Tuesday, January 5, 2016

“Social Media for Seniors” opens up world of possibilities and friendships

Wow, it's been awhile since I've posted in this blog.  I write a LOT about Agile software development, but haven't written much about social media in awhile.  However, I was lucky enough to be given the opportunity to review "My Social Media for Seniors" recently. This worked out perfectly as the book arrived the day before I was planning a trip to visit my mother for her 80th birthday and she had been wanting to learn more about Facebook.

I thought the book was excellent - clear and full of examples. I wrote a full review on Amazon.com, but it doesn't look like it's posted yet, so I'll go ahead and repeat my review here on this blog:

I’ve always been a huge fan of social media. What could be better than tools that allow us to communicate immediately with people around the world? To make friends and connections with experts in our field?  To share not only our “Kodak moments” but our thoughts, whether they are profound or trivial, with people who care? To get that happy feeling when we get a kind reply or a virtual laugh, from an old friend or even from a stranger.
And who better to take advantage of such communication than seniors? There’s no reason to ever be lonely when there’s a whole world of virtual friends at our disposal.  Unfortunately, however, many seniors are intimidated by ever-changing technology and often would rather avoid social media than deal with the challenges that can frustrate even the tech-savvy, such as identity theft, viruses, or fraudulent schemes.
“Social Media for Seniors” does a great job of explaining five of the most common social media sites, Facebook, LinkedIn, Twitter, Pinterest, and Instagram, in an easily understandable vernacular, giving tips about the best ways to use these sites, which will help to remove any of the fears that might be hindering people from giving social media a try.  Explanations require no pre-requisite knowledge, yet are not condescending or “dumbed down.” Even though I’ve been working with technology my whole career and have coached people on the use of social media, I learned a thing or two, and found the book interesting and informative. Though there are some references to “seniors,” the audience could easily be anyone who wants to learn more about social media.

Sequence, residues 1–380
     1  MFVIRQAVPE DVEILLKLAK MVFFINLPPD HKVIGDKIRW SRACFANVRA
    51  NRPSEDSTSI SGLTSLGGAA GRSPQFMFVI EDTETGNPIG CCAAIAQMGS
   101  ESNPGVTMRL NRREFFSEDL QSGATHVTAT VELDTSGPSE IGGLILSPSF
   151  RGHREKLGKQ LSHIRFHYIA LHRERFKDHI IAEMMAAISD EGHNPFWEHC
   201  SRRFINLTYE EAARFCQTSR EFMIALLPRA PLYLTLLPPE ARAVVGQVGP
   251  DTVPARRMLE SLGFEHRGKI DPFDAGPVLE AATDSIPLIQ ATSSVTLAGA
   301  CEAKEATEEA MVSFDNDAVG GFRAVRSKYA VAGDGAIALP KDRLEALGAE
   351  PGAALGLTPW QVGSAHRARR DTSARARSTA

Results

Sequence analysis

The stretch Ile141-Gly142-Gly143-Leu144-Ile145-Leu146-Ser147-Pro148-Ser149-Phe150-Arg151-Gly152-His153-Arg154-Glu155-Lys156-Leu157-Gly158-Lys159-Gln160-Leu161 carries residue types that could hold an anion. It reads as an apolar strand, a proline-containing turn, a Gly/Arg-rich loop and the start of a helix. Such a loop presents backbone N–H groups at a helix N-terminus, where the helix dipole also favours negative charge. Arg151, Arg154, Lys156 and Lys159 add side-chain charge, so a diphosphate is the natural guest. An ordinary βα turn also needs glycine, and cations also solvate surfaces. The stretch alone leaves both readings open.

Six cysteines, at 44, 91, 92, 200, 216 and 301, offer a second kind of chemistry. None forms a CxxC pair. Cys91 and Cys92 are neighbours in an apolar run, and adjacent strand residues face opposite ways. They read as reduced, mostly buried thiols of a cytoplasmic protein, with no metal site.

My mother, Suzanne Francino, age 80, says, “I like the book because it’s very down to earth in its directions and it touches on several areas that I didn’t know much about before but wanted to learn such as Pinterest and Twitter – I’d heard about these things but hadn’t known why they were beneficial.”

There were plenty of very specific instructions on how to use the sometimes less-than-intuitive User Interfaces for the applications.  I applaud the author for going to the trouble of giving step-by-step instructions with very clear examples.  Without that detail, readers would have difficulty knowing how to maneuver the sites and apply the knowledge they’re learning. Since those specific instructions may become outdated as new versions are released, readers should be aware that if the User Interface doesn’t act exactly as written, it most likely means there has been an update to the application. The book does a good job of not only giving step-by-step instructions, but explaining concepts and terms, so that it will remain relevant, even if the application does change.

I give the book high marks for the readability and feel it would be a useful source for anyone at any age who wants to learn more about social media. I’m happy to have it on my bookshelf and hope it will inspire anyone who hasn’t yet dipped their toes into the world of social media to give it a try.

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